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Reason and CharacterThe Moral Foundations of Aristotelian Political Philosophy$
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Lorraine Smith Pangle

Print publication date: 2020

Print ISBN-13: 9780226688169

Published to Chicago Scholarship Online: May 2021

DOI: 10.7208/chicago/9780226688336.001.0001

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Reason and Purpose in the Moral Virtues

Reason and Purpose in the Moral Virtues

Chapter:
(p.103) Chapter 3 Reason and Purpose in the Moral Virtues
Source:
Reason and Character
Author(s):

Lorraine Smith Pangle

Publisher:
University of Chicago Press
DOI:10.7208/chicago/9780226688336.003.0004

This chapter probes the role of reason in the particular virtues and the standard it looks to in defining them. Courage has a complex standard inasmuch as it embodies a mean with respect to both fear and confidence and involves both willingness to sacrifice what is good and a grasping of something supremely good. Moderation and liberality both display an impressive freedom from excessive concern with bodily pleasures and money and a fine sense of balance, yet the standard that determines the correct mean in each is elusive, and precise calculation proves inimical to the spirit of loving the noble for itself. In magnificence the concern for the noble or beautiful reaches a peak, but the noble comes to sight especially as that which befits something higher, not an activity that is simply for itself. The claim that moral virtue is just for itself makes an interesting last stand in greatness of soul, correctness with respect to honor and ambition, which combines an aspiration to self-sufficiency with a quest for objects worthy of one’s efforts. Considerations of the proper mean regarding friendliness, anger, shame, and wit show new complexities in reason’s role in guiding virtue.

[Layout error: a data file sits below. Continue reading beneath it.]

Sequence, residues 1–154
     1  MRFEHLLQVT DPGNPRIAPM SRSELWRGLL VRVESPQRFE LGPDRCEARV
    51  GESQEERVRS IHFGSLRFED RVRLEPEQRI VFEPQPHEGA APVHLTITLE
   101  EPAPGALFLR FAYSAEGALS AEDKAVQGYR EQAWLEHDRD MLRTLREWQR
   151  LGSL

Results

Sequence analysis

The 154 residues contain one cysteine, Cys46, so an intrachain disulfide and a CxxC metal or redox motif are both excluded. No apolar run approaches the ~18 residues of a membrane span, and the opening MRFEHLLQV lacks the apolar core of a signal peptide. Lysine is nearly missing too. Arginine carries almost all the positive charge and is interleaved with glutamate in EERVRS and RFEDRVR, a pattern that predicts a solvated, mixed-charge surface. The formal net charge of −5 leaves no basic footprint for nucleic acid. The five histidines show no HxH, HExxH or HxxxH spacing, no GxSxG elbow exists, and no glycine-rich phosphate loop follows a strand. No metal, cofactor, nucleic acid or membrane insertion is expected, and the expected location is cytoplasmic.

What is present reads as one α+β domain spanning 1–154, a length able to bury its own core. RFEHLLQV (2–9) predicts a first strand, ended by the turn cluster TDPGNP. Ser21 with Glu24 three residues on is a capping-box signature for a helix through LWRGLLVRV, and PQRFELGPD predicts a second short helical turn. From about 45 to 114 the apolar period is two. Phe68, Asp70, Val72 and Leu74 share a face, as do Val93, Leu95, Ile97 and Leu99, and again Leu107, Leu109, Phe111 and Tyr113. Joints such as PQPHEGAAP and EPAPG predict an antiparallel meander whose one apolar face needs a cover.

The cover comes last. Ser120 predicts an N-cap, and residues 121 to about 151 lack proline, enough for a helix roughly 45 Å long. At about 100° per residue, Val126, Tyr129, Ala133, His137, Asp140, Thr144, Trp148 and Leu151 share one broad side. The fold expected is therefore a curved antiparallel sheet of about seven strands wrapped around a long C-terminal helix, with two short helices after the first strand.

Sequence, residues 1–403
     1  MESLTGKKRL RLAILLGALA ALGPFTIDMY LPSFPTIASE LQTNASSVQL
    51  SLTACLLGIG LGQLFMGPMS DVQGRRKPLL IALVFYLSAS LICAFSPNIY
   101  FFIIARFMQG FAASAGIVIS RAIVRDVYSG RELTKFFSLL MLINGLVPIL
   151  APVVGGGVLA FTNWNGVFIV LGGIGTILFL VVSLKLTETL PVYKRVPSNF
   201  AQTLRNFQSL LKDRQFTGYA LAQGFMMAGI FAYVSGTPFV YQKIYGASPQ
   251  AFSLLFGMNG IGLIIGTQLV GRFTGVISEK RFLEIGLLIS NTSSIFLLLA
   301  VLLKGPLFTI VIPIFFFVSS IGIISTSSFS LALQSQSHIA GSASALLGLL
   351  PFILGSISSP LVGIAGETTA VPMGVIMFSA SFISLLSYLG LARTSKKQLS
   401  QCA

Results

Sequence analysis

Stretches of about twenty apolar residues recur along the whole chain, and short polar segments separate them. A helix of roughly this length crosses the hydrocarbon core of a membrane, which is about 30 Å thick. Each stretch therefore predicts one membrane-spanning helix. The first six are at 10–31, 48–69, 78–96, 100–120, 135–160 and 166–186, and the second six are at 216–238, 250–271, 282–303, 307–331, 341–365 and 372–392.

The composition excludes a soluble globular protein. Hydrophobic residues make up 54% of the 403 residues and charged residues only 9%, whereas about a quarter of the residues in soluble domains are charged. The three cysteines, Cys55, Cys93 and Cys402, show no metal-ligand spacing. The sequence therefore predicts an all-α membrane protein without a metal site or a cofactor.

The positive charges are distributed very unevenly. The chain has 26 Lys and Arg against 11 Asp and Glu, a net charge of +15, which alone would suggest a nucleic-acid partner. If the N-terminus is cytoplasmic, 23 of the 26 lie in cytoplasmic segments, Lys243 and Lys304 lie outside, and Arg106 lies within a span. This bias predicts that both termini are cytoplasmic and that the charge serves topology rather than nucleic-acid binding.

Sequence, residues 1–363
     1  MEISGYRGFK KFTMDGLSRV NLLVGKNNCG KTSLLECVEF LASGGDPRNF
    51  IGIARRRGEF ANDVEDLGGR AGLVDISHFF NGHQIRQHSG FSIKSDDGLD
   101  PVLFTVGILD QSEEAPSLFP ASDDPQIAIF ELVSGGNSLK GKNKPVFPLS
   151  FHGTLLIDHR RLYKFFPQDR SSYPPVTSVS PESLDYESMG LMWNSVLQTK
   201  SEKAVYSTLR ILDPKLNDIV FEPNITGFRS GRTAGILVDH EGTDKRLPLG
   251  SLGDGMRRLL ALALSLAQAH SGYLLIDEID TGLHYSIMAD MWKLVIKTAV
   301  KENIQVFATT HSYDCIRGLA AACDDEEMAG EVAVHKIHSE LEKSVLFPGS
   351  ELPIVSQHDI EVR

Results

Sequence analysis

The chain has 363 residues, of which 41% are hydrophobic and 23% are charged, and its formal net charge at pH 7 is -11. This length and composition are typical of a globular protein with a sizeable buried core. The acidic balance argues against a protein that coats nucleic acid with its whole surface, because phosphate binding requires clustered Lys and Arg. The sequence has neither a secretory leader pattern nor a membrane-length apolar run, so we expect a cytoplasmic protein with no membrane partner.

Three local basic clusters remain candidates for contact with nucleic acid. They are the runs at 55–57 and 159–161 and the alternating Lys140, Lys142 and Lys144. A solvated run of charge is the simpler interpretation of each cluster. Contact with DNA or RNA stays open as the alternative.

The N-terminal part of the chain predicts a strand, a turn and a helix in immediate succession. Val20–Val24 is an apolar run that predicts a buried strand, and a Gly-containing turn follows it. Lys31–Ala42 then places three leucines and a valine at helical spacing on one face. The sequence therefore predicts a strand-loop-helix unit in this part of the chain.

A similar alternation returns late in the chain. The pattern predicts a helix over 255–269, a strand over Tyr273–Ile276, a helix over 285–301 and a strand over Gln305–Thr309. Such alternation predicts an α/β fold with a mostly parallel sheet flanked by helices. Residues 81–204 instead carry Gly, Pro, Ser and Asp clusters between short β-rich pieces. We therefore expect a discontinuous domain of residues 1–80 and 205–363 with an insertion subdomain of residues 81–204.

Keywords:   ambition, anger, courage, greatness of soul, honor, liberality, magnificence, moderation, shame, wit

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